Green v. Kansas Department for Children and Families et al
ORDER regarding 3 motion for leave to proceed in forma pauperis. Signed by Magistrate Judge James P. O'Hara on 9/20/2017.Mailed to pro se party by regular and certified mail (srj)
IN THE UNITED STATES DISTRICT COURT
FOR THE DISTRICT OF KANSAS
MONICA A. GREEN,
KANSAS DEPARTMENT FOR
CHILDREN AND FAMILIES, et al.
Case No. 17-2551-JAR
The pro se plaintiff, Monica A. Green, has filed a motion seeking to commence
and proceed with this case without prepayment of fees pursuant to 28 U.S.C. § 1915
(“IFP application”) (ECF No. 3), along with an accompanying affidavit of financial
status. Plaintiff has also filed a motion asking the court to appoint counsel to represent
her in this case (ECF No. 4).
The court has reviewed the record and finds that
supplementation of the documents is necessary.
As an initial matter, the court observes that plaintiff’s filings thus far—i.e.,
plaintiff’s complaint, IFP application, financial affidavit, and motion for appointment of
counsel—are unsigned. Federal Rule of Civil Procedure 11(a) provides that “[e]very
pleading, written motion, and other paper must be signed … by a party personally if the
party is unrepresented.” District of Kansas Local Rule 5.1(b) similarly provides that
“every pleading, motion, or other paper filed by a party not represented by an attorney
must bear the genuine signature of the pro se party.”
In addition to failing to comply with the above signature requirements, the
financial affidavit submitted in support of plaintiff’s IFP application is otherwise
incomplete. Section 1915 of Title 28 of the United States Code allows the court to
authorize the commencement of a civil action “without prepayment of fees or security
therefor, by a person who submits an affidavit that . . . the person is unable to pay such
fees or give security therefor.”1 To succeed on a motion to proceed in forma pauperis,
the movant must show a financial inability to pay the required filing fees.2
“‘[P]roceeding in forma pauperis in a civil case is a privilege, not a right—fundamental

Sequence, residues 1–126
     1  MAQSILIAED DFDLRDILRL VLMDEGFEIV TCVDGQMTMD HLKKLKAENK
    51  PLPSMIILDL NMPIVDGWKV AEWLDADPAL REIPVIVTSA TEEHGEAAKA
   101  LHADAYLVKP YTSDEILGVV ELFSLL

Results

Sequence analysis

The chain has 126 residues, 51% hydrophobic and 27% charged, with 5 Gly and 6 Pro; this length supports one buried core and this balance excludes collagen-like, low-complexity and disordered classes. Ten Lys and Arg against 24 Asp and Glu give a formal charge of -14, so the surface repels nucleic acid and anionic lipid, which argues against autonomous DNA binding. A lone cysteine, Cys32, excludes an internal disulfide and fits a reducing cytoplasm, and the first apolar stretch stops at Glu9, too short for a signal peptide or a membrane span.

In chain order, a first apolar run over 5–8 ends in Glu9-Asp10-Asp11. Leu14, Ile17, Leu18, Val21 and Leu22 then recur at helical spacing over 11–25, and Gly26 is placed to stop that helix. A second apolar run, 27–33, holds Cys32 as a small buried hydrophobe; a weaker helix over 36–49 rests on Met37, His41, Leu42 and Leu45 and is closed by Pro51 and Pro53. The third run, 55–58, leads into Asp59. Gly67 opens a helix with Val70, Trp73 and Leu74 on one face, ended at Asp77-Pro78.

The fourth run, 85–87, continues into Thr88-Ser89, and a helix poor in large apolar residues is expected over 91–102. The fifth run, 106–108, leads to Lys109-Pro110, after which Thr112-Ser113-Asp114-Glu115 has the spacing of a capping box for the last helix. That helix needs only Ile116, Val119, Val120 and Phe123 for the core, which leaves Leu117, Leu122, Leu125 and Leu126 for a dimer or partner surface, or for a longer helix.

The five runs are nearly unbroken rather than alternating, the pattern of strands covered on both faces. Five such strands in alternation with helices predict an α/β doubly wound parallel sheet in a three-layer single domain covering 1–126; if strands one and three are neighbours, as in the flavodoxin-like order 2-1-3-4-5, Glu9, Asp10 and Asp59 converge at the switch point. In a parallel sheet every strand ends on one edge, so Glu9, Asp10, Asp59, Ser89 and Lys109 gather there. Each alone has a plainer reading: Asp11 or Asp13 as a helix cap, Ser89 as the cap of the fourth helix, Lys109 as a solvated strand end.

or otherwise.’”3 The decision to grant or deny in forma pauperis status under section
1915 lies within the “wide discretion” of the trial court.4
In section III.D of plaintiff’s form financial affidavit, plaintiff checked “yes” next
to various sources of income, indicating she has received money from these sources in
the last 12 months. Plaintiff, however, fails to provide the amount of money received
from each of these sources. Additionally, it’s unclear whether plaintiff is currently
In section II.A, plaintiff checked “no” to indicate she is not currently
employed, but proceeded to provide information with respect to an employer when
28 U.S.C. § 1915(a)(1).
Lister v. Dept. of Treasury, 408 F.3d 1309, 1312 (10th Cir. 2005); United States
v. Garcia, 164 Fed. App’x 785, 786 n. 1 (10th Cir. Jan. 26, 2006).
Green v. Suthers, No. 99-1447, 208 F.3d 226 (table), 2000 WL 309268, at *2
(10th Cir. Mar. 27, 2000) (quoting White v. Colo., 157 F.3d 1226, 1233 (10th Cir. 1998)).
Garcia, 164 Fed. App’x at 786 n.1. See also Lister, 408 F.3d at 1312 (“[W]e
review the district court’s denial of IFP status for an abuse of discretion.”).
directed to provide such information “if currently employed.” The court is left unable to
make a determination that the waiver of court costs and fees is justified.
Plaintiff is directed to provide the clerk’s office with signed versions of her
complaint, IFP application, and motion for appointment of counsel by September 29,
2017. Plaintiff is cautioned that if she fails to comply with this order, the court will strike
the unsigned papers.5
Plaintiff is further ordered to file a supplemental financial affidavit by September
29, 2017. The supplemental affidavit should include the amount of each of plaintiff’s
sources of income and clarify whether plaintiff is currently employed. The supplemental
affidavit should also be signed.
A copy of this order shall be mailed to plaintiff by certified and regular mail.
IT IS SO ORDERED.
Dated September 20, 2017, at Kansas City, Kansas.
s/ James P. O’Hara
James P. O’Hara
U.S. Magistrate Judge
Fed. R. Civ. P. 11(a) provides that “[t]he court must strike an unsigned paper
unless the omission is promptly corrected after being called to the attorney’s or party’s
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